WASHINGTON, D.C. — As the 2016 presidential election field takes shape, more than nine in 10 Americans say they would vote for a qualified presidential candidate who is Catholic, a woman, black, Hispanic or Jewish. Less than half of Americans would vote for a candidate who is a socialist.
June 2-7 Gallup poll updated the question — first asked in 1937 — about the acceptability of presidential candidates of various background characteristics. The general trend is that Americans have become significantly more accepting over time.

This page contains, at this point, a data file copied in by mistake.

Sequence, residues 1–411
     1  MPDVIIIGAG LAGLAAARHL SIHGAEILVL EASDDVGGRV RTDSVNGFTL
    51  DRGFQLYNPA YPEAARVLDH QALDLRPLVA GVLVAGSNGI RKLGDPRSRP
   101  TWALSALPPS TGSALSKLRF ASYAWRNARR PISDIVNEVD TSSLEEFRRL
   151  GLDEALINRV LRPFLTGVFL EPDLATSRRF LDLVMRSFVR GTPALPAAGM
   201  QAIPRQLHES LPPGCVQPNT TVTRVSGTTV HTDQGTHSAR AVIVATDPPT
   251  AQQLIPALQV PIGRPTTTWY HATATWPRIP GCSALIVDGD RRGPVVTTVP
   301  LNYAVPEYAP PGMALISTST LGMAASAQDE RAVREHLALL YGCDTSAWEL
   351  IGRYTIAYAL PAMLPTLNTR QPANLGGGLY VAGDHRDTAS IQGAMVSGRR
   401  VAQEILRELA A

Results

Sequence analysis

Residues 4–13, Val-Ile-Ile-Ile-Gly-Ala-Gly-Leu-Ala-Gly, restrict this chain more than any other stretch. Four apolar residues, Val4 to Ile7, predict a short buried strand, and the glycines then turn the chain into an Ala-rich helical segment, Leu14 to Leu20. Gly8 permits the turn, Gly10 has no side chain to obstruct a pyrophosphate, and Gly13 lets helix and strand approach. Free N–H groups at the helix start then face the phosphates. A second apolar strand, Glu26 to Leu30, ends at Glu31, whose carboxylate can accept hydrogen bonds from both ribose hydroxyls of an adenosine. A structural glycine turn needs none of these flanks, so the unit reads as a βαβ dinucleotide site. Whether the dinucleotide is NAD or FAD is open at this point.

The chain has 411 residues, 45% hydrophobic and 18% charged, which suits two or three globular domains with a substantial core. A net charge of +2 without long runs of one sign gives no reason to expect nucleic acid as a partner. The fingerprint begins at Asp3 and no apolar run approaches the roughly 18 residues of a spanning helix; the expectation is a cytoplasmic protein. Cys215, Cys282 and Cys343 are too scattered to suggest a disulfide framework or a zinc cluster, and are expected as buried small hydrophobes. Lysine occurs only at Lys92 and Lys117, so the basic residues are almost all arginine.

Among religious identities, while the large majority of Americans would vote for a Catholic or Jewish presidential candidate, smaller majorities say they would vote for a candidate who is Mormon (81%), an evangelical Christian (73%), Muslim (60%) or an atheist (58%).
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